Salisbury, due to breathing difficulties caused by his great weight, took to sleeping in a chair at Hatfield House. By then he also experienced a heart condition and later blood poisoning caused by an ulcerated leg. His death in August 1903 followed a fall from that chair.
Salisbury was buried at St Etheldreda's Church, Hatfield, where his predecessor as prime minister, Lord Melbourne, is also interred.
When Salisbury died his estate was valued at 310,336 pounds sterling, (equivalent to £35,453,159 in 2021).
Many historians portray Salisbury as a principled statesman of traditional, aristocratic conservatism: a prime minister who promoted cautious imperialism and resisted sweeping parliamentary and franchise reforms. Robert Blake considers Salisbury "a great foreign minister, [but] essentially negative, indeed reactionary in home affairs". Professor P.T. Marsh's estimate is more favourable than Blake's; he portrays Salisbury as a leader who "held back the popular tide for twenty years." Professor Paul Smith argues that, "into the ‘progressive’ strain of modern Conservatism he simply will not fit." H.C.G. Matthew points to "the narrow cynicism of Salisbury." One admirer, conservative historian Maurice Cowling, largely agrees with the critics and says Salisbury found the democracy born of the 1867 and 1884 Reform Acts as "perhaps less objectionable than he had expected—succeeding, through his public persona, in mitigating some part of its nastiness." Historian Peter T. Marsh states: "In the field of foreign affairs, where he was happiest and most successful, he kept his own counsel and eschewed broad principles of conduct, preferring close-eyed realism and reliability of conduct."
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Considerable attention has been devoted to his writings and ideas. The Conservative historian Robert Blake considered Salisbury "the most formidable intellectual figure that the Conservative party has ever produced". In 1977 the Salisbury Group was founded, chaired by Robert Gascoyne-Cecil, 6th Marquess of Salisbury and named after the 3rd Marquess. It published pamphlets advocating conservative policies. The academic quarterly The Salisbury Review was named in his honour (by Michael Oakeshott) upon its founding in 1982. Cowling claimed that "The giant of conservative doctrine is Salisbury". It was on Cowling's suggestion that Paul Smith edited a collection of Salisbury's articles from the Quarterly Review. Andrew Jones and Michael Bentley wrote in 1978 that "historical inattention" to Salisbury "involves wilful dismissal of a Conservative tradition which recognizes that threat to humanity when ruling authorities engage in democratic flattery and the threat to liberty in a competitive rush of legislation".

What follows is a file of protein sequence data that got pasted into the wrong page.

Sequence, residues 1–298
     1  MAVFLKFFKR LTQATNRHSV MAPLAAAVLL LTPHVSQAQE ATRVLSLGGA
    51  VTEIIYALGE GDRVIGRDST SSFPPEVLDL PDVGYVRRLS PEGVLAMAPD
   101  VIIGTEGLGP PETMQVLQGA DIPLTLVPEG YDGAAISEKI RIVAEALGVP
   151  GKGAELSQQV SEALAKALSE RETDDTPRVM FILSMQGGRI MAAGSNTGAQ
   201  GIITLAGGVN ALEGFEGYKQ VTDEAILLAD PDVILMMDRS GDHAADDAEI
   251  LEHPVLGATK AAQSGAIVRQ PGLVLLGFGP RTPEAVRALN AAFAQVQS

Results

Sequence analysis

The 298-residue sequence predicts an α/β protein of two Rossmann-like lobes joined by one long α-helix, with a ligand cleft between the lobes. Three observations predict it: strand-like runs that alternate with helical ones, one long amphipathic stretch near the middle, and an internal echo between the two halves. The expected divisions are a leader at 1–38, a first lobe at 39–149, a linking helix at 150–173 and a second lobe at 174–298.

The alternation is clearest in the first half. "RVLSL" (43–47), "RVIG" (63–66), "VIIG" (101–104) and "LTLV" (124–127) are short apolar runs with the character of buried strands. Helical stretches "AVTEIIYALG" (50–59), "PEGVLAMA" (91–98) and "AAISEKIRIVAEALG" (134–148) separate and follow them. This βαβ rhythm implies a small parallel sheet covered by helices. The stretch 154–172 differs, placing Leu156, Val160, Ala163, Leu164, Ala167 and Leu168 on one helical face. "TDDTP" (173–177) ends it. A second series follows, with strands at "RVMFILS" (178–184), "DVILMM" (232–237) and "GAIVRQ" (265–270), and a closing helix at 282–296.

In 1967, Clement Attlee (Labour Party prime minister, 1945–51) was asked who he thought was the best prime minister of his lifetime. Attlee immediately replied: "Salisbury".: 836
The 6th Marquess of Salisbury commissioned Andrew Roberts to write Salisbury's authorised biography, which was published in 1999.
After the Bering Sea Arbitration, Canadian Prime Minister Sir John Sparrow David Thompson said of Lord Salisbury's acceptance of the Arbitration Treaty that it was "one of the worst acts of what I regard as a very stupid and worthless life".
The British phrase 'Bob's your uncle' is thought to have derived from Robert Cecil's appointment of his nephew, Arthur Balfour, as Chief Secretary for Ireland.
Fort Salisbury (now Harare) was named in honour of him when it was founded in September 1890. Subsequently, simply known as Salisbury, the city became the capital of Southern Rhodesia, from 1890, the Federation of Rhodesia and Nyasaland from 1953–1963, Rhodesia from 1963–1979, Zimbabwe Rhodesia, in 1979, and finally Zimbabwe, from 1980. The name was changed to Harare in April 1982, on the second anniversary of Zimbabwe's independence. Cecil Square, near to Parliament, was also named after him and not, as is erroneously but popularly thought, after Cecil Rhodes. Other Rhodesian/Zimbabwean connections include the suburbs of Hatfield, Cranborne and New Sarum.
To date he is the only British prime minister to sport a full beard. At 6 feet 4 inches (193 cm) tall, he was also the tallest prime minister.
Lord Salisbury was the third son of James Gascoyne-Cecil, 2nd Marquess of Salisbury, a minor Conservative politician. In 1857, he defied his father, who wanted him to marry a rich heiress to protect the family's lands. He instead married Georgina Alderson, the daughter of Sir Edward Alderson, a moderately notable judge and of lower social standing than the Cecils. The marriage proved a happy one. Robert and Georgina had eight children, all but one of whom survived infancy. He was an indulgent father and made sure his children had a much better childhood than the one through which he suffered. Cut off from his family money, Robert supported his family through journalism and was later reconciled with his father.: 30–33, 75, 105–8
Salisbury had prosopagnosia, a cognitive disorder which makes it difficult to recognize familiar faces.
|Portfolio||Minister||Took office||Left office|
|23 June 1885||6 February 1886|
|First Lord of the Treasury||29 June 1885||1 February 1886|
|Lord Chancellor||24 June 1885||28 January 1886|
|Lord President of the Council||24 June 1885||6 February 1886|
|Lord Privy Seal||24 June 1885||28 January 1886|
|Secretary of State for the Home Department||24 June 1885||1 February 1886|
|Secretary of State for the Colonies||24 June 1885||28 January 1886|
|Secretary of State for War||24 June 1885||21 January 1886|
|21 January 1886||6 February 1886|
|Secretary of State for India||24 June 1885||28 January 1886|
|First Lord of the Admiralty||1885||1886|
|24 June 1885||28 January 1886|
|President of the Board of Trade||24 June 1885||19 August 1885|
|19 August 1885||28 January 1886|
|Chief Secretary for Ireland||23 January 1886||28 January 1886|
|Lord Lieutenant of Ireland||27 June 1885||28 January 1886|
|Lord Chancellor of Ireland||1885||February 1886|
|Secretary for Scotland||17 August 1885||28 January 1886|
|Vice-President of the Council||24 June 1885||17 September 1885|
Main article: Second Salisbury ministry § Cabinets
Main article: Unionist government, 1895–1905 § Salisbury ministry